M-protein is purified by SDS gel chromatography in Bio Gel A-5 m or Sepharose CL-6B following disruption of virus particles in accordance with established methods (i.e. Mahy & Barry, The Negative Strand Viruses, Chap. 9 (pp. 133-143), Academic Press, London, 1975). M-protein has also been purified for use an an immunogen by chromatography in a Tris-HCl-SDS containing buffer on steric exclusion columns by high pressure liquid chromatography.

M-antibody is prepared in the usual manner in a convenient species (e.g. goat, rabbit or layer animal) with an amount of M-protein sufficient to provoke an immogenic response. Typically the host animal is inoculated two or more times at intervals, and the serum is harvested when the anti-M titer has risen to the desired level.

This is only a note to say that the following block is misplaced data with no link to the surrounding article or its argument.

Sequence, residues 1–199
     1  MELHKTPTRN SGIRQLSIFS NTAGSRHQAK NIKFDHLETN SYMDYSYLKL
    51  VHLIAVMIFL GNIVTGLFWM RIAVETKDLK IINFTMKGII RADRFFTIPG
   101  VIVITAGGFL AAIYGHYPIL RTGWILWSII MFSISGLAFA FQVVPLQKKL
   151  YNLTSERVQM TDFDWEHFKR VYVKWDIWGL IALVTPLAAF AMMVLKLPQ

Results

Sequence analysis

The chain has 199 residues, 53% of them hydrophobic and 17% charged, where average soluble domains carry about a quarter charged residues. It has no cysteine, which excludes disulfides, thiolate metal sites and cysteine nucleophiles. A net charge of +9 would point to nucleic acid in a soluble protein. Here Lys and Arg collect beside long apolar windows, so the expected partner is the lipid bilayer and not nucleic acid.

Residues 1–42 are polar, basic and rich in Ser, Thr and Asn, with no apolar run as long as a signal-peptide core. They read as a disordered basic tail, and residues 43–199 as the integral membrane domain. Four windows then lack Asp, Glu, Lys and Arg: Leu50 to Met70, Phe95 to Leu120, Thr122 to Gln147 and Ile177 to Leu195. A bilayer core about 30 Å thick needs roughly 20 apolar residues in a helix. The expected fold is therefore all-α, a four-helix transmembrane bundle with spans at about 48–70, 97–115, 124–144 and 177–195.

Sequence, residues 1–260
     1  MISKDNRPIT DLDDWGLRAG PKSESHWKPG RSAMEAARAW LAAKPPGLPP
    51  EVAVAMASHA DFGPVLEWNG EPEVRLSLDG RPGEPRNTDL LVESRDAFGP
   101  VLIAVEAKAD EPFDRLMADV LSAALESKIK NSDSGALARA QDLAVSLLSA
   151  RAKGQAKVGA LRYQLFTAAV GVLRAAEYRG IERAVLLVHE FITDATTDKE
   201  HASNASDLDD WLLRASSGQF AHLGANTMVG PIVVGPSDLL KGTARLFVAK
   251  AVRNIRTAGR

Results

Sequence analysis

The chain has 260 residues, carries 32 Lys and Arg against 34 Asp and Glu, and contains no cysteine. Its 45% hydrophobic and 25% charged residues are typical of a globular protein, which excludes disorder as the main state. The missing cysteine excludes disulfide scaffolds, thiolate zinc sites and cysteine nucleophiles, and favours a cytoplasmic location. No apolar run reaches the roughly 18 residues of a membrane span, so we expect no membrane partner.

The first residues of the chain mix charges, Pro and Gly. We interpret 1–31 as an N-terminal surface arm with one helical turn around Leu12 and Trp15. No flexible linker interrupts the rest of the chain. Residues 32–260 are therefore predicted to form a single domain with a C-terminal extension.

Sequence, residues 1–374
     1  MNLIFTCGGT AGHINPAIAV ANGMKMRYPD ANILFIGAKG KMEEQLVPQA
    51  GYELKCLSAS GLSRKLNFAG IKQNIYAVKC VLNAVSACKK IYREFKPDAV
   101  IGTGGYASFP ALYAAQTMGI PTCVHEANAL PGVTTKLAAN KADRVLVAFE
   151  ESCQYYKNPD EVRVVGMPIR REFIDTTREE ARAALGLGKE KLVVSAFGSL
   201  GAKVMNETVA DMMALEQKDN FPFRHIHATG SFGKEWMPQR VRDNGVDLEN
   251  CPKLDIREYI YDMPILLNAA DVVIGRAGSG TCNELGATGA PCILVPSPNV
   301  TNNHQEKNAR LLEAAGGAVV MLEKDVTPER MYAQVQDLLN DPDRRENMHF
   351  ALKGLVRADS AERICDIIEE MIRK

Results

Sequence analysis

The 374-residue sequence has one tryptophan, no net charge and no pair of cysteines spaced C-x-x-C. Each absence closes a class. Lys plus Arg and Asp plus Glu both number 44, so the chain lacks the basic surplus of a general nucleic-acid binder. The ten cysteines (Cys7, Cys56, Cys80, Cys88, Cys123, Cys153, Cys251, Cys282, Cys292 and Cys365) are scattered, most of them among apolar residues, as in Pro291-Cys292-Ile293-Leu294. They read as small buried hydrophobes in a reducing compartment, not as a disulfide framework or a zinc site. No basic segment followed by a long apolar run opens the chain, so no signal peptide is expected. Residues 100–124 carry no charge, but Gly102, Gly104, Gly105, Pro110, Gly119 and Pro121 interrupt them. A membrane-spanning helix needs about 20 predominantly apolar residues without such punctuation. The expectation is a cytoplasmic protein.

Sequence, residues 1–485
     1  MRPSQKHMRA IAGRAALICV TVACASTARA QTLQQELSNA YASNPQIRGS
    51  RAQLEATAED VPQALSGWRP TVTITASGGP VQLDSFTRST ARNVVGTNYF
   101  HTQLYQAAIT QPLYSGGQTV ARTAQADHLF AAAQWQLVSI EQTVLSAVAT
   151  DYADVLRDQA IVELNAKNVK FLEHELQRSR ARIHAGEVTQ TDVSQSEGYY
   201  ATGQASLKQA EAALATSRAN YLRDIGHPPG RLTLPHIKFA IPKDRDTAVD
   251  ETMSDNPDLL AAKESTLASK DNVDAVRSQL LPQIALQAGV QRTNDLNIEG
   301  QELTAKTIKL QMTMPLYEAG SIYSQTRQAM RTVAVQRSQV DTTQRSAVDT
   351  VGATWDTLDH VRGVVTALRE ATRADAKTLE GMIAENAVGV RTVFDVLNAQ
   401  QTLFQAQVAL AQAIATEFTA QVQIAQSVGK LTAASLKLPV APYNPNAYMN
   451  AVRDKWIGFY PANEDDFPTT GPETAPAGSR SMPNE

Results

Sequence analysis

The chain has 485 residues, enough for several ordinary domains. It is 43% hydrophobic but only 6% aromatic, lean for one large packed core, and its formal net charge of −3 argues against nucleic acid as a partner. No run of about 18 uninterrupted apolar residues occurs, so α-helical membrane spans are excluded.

While some immunologic response will be obtained from M-protein as isolated in detergent upon inoculation, we prefer to use a hyperimmune serum having an anti-M titer of at least 1:10,000 prepared by using aggregated M-protein. M-protein is aggregated by removal of the SDS to produce a fine opalescent suspension. The SDS can be removed by continuous ultrafiltration with the Amicon model 56 equipped with PM-10 membranes (Bucher et al., J. Virology 36:2 pp. 586-590, November, 1980) SDS can also be removed from M-protein preparations by exhaustive dialysis of concentrated preparations of M-protein (0.1-10 mg/ml) against large volumes of distilled water at 4 C. Sample may require mild heating on a daily basis to resolubilize some SDS which precipitates in the cold. Rabbits are immunized subcutaneously with 10 μg of aggregated M-protein (prepared as described) in Freund's adjuvant. An additional 10 μg of M-protein is injected intraveneously at the same time. (A control bleeding is taken before any M-protein is administered). After 42 days, the animals are boosted with 10 μg of aggregated M-protein (no Freund's) intravenously. A test bleeding is taken 7 days later. The serum is assayed in the Microtiter assay system as described below with M-protein as an absorbent. If the titer is sufficiently high (in excess of 10,000), the animals are exsanguinated and the serum considered satisfactory for test purposes. If the titer is below 10,000, an additional 10 μg boost is administered and the serum evaluated 7 days later as previously described.